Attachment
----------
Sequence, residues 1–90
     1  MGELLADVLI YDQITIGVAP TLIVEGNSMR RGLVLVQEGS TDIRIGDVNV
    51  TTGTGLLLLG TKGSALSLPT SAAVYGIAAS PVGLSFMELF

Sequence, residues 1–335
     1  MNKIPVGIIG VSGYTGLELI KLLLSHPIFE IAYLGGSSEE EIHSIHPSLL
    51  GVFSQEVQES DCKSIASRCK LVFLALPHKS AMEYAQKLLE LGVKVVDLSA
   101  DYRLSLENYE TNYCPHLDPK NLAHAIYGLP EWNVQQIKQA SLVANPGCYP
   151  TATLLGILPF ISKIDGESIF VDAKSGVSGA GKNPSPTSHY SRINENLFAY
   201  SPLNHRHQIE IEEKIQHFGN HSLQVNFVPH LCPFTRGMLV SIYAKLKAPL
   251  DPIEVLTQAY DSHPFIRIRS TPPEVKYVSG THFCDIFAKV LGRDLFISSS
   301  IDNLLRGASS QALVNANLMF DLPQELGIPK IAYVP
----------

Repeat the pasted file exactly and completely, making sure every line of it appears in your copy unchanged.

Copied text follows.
Sequence, residues 1–90
     1  MGELLADVLI YDQITIGVAP TLIVEGNSMR RGLVLVQEGS TDIRIGDVNV
    51  TTGTGLLLLG TKGSALSLPT SAAVYGIAAS PVGLSFMELF

Sequence, residues 1–335
     1  MNKIPVGIIG VSGYTGLELI KLLLSHPIFE IAYLGGSSEE EIHSIHPSLL
    51  GVFSQEVQES DCKSIASRCK LVFLALPHKS AMEYAQKLLE LGVKVVDLSA
   101  DYRLSLENYE TNYCPHLDPK NLAHAIYGLP EWNVQQIKQA SLVANPGCYP
   151  TATLLGILPF ISKIDGESIF VDAKSGVSGA GKNPSPTSHY SRINENLFAY
   201  SPLNHRHQIE IEEKIQHFGN HSLQVNFVPH LCPFTRGMLV SIYAKLKAPL
   251  DPIEVLTQAY DSHPFIRIRS TPPEVKYVSG THFCDIFAKV LGRDLFISSS
   301  IDNLLRGASS QALVNANLMF DLPQELGIPK IAYVP